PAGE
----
4TheOtherDave10y(nods) Yeah; giving up the invisible knapsack [] the second time around is often easier than the first time. That said, I could see it working either way - if identifying as a woman causes your understanding of your expected sexual preference to shift from preferring women to preferring men, then continuing to prefer women would be a second switch, as you describe; if it doesn't, then it wouldn't be. Presumably that would depend a lot on how strongly "being a woman" and "being attracted to men" are implicitly associated in your mind. A similar effect occurs in the reverse direction, I think, when gay men are expected to be effeminate, or lesbians to be masculine. As gender identity and sexual preference become less tightly linked, I expect you see less of this.
3lucidfox10yThat's a tough one. My first impulse would be to say "not tied at all", given that generally I interact with people without making implicit assumptions about their sexual orientation. But. I rationally know, of course, that straight people are statistically an overwhelming majority. So in the absence of other information, when interacting with anyone, I should assign them a large prior probability of being straight. Yet I behave without making any predictions. I wonder if this means I consciously choose to discard the available information and fall back to fifty-fifty, or whether I keep the information, but the decisions I make do not depend on it.
4Kingreaper10yWhat sort of decisions do you make that could, rationally, depend on it? I mean, someone's sexual orientation is generally only relevant when setting them up with someone, and in such cases it would seem very weird not to find out their orientation as soon as possible. EDIT (I originally included "trying to date/seduce them" but in such a case their orientation is only a small part of the story. If it's easy to find out, do so, if not, then find out whether they fancy you, and the rest of their orientation is irrelevant.)
2TheOtherDave10yI can't speak for lucidfox, but to pick a recent example of my own: a friend of mine, a gay man, recently asked for introductions to friends of friends who might be worth approaching as potential dates. So I started thinking about people I knew who seemed like potential good matches for him, and realized that a difficulty here was not knowing the sexual preferences of the people I know. I don't think it was especially weird for me not to have previously found that out about everyone I might someday consider setting my friend up with, nor especially weird for me not to have immediately asked them all (say, via a bulk email or something).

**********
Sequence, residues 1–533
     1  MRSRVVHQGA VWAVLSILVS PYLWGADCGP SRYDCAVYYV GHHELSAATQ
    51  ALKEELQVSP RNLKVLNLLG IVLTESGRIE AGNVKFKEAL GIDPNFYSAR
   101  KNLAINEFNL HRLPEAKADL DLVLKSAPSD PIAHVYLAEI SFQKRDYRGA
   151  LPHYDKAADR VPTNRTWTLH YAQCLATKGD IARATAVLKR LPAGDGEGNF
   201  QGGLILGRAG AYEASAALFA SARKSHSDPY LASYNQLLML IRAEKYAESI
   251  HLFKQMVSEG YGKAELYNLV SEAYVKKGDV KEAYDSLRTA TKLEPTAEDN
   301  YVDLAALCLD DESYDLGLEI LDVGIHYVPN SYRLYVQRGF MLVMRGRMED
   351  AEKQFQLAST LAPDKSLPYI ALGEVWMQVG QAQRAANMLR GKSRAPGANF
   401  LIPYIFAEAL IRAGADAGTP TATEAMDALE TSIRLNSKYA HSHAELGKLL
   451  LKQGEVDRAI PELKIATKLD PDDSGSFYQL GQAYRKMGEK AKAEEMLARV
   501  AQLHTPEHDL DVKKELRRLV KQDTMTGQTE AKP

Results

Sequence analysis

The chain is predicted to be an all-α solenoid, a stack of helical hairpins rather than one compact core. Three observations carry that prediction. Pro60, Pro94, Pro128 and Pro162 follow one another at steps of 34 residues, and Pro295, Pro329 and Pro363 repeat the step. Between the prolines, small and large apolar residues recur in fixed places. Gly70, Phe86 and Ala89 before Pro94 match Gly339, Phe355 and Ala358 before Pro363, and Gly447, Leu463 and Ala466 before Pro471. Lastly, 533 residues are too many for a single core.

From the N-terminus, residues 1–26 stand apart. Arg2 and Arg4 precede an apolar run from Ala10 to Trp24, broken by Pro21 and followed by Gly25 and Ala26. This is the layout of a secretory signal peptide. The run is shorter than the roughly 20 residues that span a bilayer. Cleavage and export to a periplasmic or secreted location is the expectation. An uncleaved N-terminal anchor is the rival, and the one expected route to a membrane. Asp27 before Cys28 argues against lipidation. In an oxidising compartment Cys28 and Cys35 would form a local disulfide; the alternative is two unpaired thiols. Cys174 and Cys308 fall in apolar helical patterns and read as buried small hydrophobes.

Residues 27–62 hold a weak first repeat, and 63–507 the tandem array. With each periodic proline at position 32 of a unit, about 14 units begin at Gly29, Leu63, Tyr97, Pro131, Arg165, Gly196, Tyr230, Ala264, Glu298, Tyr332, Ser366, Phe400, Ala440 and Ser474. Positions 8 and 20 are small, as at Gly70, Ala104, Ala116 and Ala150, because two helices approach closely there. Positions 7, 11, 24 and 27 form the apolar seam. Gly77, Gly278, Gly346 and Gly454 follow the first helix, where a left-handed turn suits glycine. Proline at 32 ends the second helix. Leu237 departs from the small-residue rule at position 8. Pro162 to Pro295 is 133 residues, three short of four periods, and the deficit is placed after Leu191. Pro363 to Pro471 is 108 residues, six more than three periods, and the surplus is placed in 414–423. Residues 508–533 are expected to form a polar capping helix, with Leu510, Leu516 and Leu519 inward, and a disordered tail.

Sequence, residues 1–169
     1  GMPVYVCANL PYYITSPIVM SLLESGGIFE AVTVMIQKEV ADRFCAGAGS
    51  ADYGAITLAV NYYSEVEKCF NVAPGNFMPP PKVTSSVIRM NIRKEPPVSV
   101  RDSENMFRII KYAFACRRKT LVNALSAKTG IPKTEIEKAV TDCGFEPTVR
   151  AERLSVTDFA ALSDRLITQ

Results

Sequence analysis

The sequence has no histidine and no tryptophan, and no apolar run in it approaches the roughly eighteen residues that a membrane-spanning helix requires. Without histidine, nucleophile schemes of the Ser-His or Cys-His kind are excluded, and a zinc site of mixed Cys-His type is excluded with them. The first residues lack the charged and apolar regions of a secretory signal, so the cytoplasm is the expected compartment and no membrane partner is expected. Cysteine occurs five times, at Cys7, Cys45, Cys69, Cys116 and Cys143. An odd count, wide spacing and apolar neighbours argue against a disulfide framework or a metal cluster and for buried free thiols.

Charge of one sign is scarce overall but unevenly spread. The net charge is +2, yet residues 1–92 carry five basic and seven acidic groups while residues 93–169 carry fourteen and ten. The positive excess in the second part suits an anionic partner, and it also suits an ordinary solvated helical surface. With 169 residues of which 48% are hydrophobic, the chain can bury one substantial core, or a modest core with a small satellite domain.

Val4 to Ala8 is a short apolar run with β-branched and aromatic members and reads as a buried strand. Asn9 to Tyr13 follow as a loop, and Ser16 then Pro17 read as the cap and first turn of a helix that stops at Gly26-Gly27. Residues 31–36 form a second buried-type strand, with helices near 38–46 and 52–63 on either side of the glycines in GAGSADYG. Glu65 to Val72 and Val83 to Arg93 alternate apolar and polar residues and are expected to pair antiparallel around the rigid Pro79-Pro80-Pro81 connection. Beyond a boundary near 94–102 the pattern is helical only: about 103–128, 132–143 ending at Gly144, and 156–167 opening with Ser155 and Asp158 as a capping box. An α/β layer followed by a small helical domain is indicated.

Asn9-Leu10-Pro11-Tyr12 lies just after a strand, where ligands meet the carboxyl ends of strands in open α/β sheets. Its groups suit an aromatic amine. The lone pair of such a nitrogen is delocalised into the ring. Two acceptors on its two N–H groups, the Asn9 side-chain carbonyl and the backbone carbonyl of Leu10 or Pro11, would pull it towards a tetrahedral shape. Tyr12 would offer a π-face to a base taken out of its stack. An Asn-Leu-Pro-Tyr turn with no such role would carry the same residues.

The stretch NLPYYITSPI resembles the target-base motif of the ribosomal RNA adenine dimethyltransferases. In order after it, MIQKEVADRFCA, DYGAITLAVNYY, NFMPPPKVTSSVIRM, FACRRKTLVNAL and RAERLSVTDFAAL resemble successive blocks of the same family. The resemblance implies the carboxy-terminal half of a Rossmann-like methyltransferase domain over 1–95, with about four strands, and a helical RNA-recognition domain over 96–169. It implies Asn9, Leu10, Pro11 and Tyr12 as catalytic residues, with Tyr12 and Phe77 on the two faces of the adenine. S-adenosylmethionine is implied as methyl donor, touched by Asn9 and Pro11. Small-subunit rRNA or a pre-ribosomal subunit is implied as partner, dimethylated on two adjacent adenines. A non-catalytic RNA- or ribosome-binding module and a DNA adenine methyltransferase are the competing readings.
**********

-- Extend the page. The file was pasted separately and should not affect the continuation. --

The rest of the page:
3Kingreaper10yWhy would you ask them all? Presumably, you'd have a good filter on which friends you thought might be worth his time, ie. similar enough interests etc.; if they were interested. At which point, you need only ask those guys.
5TheOtherDave10yYeah; which is ultimately what I did. But it was a situation where I became very aware of the differences between the cultural norm (roughly, that everyone is implicitly assumed straight until explicitly declared otherwise) and my own defaults.
2Kingreaper10ySo, you actually did do what I thought would be the sensible thing to do, and asked the people you were considering setting up. I'm now confused; because your first reply to me seemed to indicate that you felt that was a bad idea somehow? Did I perhaps present it in such a way that I appeared to be advocating a different course of action?
3TheOtherDave10y(nods) Yeah, pretty much. Initially, I thought what you had in mind was a scenario where I'm trying to set up two people, and therefore just need to know the sexual preferences of those two people. I was contrasting that with a scenario where I'm trying to set up a known person with someone in a relatively large class, and therefore need to know the sexual preferences of everyone in that class (either that, or need to live in a culture where it's socially acceptable to proceed as though someone's sexual preference is unknown, which is why I say that the experience demonstrated that I don't live in such a culture). It's similar to the difference between having cached the size of a directory in an operating system, vs calculating it on demand. If I'm just looking at one directory and can calculate the size relatively quickly, it makes no difference at all. If I'm trying to sort a hundred directories by size, it suddenly makes a huge difference. The difference in scale creates a qualitative difference in user experience... and reveals that the user's expectation is that the size is cached, even though in the one-directory case that expectation does not lead to measurable differences. All that said, I agree with you that we're not saying anything particularly different at this point.